For me, this presidential election was really a single-issue one.  Since the economy is going to suck no matter WHO was elected (Rosanne Barr, Romney, or Obama), I wasn't to concerned with that.  Our taxes are going to increase no matter what.  I'm fine with some increases because we cannot have social services/infrastructure/technological advances/etc. without paying for them.  Why more people don't understand that reality is beyond me.  

I also wasn't concerned with foreign policy because frankly, I just don't know that much about it.  And for things like that, I just have to trust that people who are MUCH more educated on the topic than me will make the right choice for a given time and situation.  Sometimes I just have to accept my ignorance for something and defer to professionals.  

So.  That left the issue of equality.  In this race that encompassed equality of medical care, equality of all genders to decide what's best for their bodies, and equality in marriage/benefits.  Simple.  I feel that unless all of our citizens are treated equally, then we cannot move forward on anything else.  That made my decision for president simple.  

However, I was completely prepared for the "other" side to win the presidential election.  And if that had happened, I would have accepted it and marched forward living my life as the citizen any president would want me to be: a financially/medically/socially/resource responsible one.  That means I will:
  • not conceive babies I cannot afford (no federal/state funded family planning for me)
  • feed my family sustainably-grown and healthy foods (foods that are good for our bodies and our nation are expensive--if everyone were to pay the "real" cost for their food our population would stabilize and our medical costs would decrease)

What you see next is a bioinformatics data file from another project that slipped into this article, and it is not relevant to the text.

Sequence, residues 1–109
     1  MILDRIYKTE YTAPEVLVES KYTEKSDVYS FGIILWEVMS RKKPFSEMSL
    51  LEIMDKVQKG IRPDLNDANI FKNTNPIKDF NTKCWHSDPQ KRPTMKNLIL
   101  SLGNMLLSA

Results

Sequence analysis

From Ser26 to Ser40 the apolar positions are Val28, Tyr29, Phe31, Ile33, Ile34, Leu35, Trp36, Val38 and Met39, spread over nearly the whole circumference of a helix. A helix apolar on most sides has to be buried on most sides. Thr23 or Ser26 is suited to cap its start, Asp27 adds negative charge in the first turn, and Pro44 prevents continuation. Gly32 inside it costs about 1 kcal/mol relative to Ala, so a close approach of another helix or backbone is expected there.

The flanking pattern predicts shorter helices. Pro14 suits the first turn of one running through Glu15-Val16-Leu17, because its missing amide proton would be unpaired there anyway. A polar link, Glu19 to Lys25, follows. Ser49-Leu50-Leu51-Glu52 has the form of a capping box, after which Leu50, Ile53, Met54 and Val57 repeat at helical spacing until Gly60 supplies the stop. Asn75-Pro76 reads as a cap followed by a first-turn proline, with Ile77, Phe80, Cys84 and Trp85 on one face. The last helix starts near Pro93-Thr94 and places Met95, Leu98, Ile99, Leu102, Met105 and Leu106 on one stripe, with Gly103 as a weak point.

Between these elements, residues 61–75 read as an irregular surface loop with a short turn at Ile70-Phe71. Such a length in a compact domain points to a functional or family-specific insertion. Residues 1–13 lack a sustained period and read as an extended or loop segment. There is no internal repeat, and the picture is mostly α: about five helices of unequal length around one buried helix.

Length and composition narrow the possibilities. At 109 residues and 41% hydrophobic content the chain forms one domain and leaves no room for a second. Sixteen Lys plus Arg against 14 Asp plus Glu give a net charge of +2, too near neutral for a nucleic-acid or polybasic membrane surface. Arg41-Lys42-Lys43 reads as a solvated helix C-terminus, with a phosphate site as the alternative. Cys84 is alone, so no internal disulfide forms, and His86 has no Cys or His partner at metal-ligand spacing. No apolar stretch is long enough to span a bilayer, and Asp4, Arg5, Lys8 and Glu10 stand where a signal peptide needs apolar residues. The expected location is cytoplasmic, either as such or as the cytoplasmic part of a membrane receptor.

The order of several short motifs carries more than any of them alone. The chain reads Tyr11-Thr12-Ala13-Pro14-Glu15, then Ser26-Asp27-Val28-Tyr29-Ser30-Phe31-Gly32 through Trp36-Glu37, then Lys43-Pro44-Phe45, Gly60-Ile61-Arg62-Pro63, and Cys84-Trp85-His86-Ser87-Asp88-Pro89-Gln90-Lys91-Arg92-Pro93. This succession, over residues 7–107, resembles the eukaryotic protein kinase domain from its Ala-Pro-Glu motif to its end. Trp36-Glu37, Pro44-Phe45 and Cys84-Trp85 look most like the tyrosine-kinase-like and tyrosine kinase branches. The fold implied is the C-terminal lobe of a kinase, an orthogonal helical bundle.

• live within my means
  • maintain and improve my and my family's health with preventative medical care, good food, exercise, and intellectual stimulation (let's not forget that our brains are part of our bodies, too) so we don't put undue pressure on the country's medical insurance program
  • adjust my lifestyle to accommodate resource pressures that will soon affect all of us (fossil fuels, fertilizers, chemical boosters to grow crops, metals used in electronics, potable water).  It's coming, baby.
  • make more of an effort to keep up with current foreign events
Congratulations, best wishes, and good luck to our 44th President, Mr. Barack Obama.  Don't let us down, okay?

3 comments:

Leah Roy said...

Great post, Julie! Those potatoes look AMAZING. But, then again, I have yet to meet a spud that I don't like, even scalloped potatoes do it for me.

I have to say, this is the first political post that I have felt comfortable enough to respond to. You were honest about your reasons for voting the way you did, you are realistic about the state our country is in and you have a plan to be the best dang American citizen you can be. I wish all the people in this country had your attitude and outlook.

Bottom line, no matter who anyone voted for, I like to believe that we all want the best for our country, for its people and for the future. And I pray that the one leading the pack will do a good job.

steph.kelley said...

Thank you for sharing the recipes; I have my eye on the spuds. Or the stew. Okay both. :P I wish more people in the country set a practical lifestyle like yours! For me the foreign policy aspect was important — only insofar as I am much more comfortable abroad when most of the rest of the world is happy about who the US president is! When Bush was in charge, traveling resulted in a lot of broken-English commiseration; with Obama, it's been nothing but thumbs-up. Something to be said for that, however minor. xoxoxoxoxo

Kaitlin said...

I had never had funeral potatoes until I moved to Utah- and I LOVE them. Now we always have them on Thanksgiving and Christmas. :)

And I totally second Leah's comment..."Bottom line, no matter who anyone voted for, I like to believe that we all want the best for our country, for its people and for the future. And I pray that the one leading the pack will do a good job."